The American Red Cross used the 11 September attacks to try to establish a reserve of 100,000 units of frozen blood. Before then, the organization had tentatively planned to establish such a reserve. However, it did not consummate those plans until after the attacks. It asked the FDA for approval of the plans on 14 September, and it did not receive approval until 1 October. Even accounting for the delay, according to the Washington Post, the freezing operation has gone very slowly: by mid-October, only 8,000 units were frozen. Almost immediately after the attacks, it was clear that the attacks would present little demand to the blood supply. Most survivors did not need blood transfusions. Yet the Red Cross still called for blood donations for the victims on its web site and in its advertisements. Its leaders surely knew that the victims would never get a drop of the blood shed by its volunteer donors.

If blood had an unlimited shelf life, then the call for blood donations would have been disingenuous but ultimately harmless. But many blood components become unusable, notably red blood cells, which have shelf lives of 42 days under refrigeration. Blood banks can freeze red blood cells for longer periods, but the process is expensive due to labor costs and the additional expense of freezing over mere refrigeration. The Red Cross typically freezes only rare blood types like AB-negative blood. A recent article in the Washington Post reports that 250,000 to 400,000 pints of blood will be extraneous out of the 1.2 million collected from 11 September through October. (It is not clear from that article whether just the red blood cells are at risk or whether the plasma is also at risk.) Those blood donations are gone forever. They are not monetary donations that can be reimbursed from an organization's endowment or from a rich benefactor.

From time to time, the Red Cross has urged eligible Americans to donate blood, especially around holidays when regular blood donors may not think to donate. Often, the current blood supply covers 1 to 3 days of demand, not the current 10 days. Yet the appeals for blood in the aftermath of the 11 September attacks were much louder and much more insistent than the calls during most holidays. Now it will be easy for potential donors to be cynical about donating. Donors already overcome obstacles in order to donate blood. The Red Cross does not reimburse its blood donors. Donating is tough for anyone afraid of needles. Donors also put up with a list of truly personal questions—"Have you taken street drugs by needle, even once?"—"Have you spent 3 months or more in the United Kingdom since 1980?"—"Have you had sex, even once, with an IV drug user in the last 12 months?"—"Have you been detained in a correctional institution in the last 12 months?" It is hard to fathom why the Red Cross would give potential donors another reason not to donate.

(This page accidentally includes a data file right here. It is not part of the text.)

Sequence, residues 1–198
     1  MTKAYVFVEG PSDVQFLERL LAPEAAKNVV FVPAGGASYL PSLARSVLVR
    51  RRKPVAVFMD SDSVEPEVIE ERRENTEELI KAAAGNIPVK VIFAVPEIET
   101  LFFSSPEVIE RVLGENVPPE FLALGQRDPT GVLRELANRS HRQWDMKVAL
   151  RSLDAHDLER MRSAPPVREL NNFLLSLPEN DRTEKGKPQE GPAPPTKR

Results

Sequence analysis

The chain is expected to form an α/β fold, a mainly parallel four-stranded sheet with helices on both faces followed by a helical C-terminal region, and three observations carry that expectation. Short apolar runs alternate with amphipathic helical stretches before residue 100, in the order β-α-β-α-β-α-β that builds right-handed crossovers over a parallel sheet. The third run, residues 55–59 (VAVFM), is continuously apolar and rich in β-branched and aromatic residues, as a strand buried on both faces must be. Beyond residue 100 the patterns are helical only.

I am a regular blood donor, very near my ten-gallon pin. I have donated at school, at Red Cross donor centers, and even at a Teamsters local. I last donated blood on 30 August, through a procedure that took the equivalent of two pints of red blood cells from my system. Because supplies in Boston were fairly low then, it is quite likely that the Red Cross used all of my donation before it stirred up a tidal wave of donors. But there is a chance that I took vitamins to get my hematocrit levels up, went a set of obnoxious questions for nearly the eightieth time, and spent nearly an hour hooked up to a machine only to have my cells incinerated. I will probably donate when I am next eligible in late December, and donate 7 pints of blood in one year for the first time ever. However, I will do so with more skepticism than ever about whether the Red Cross is either capable or trustworthy.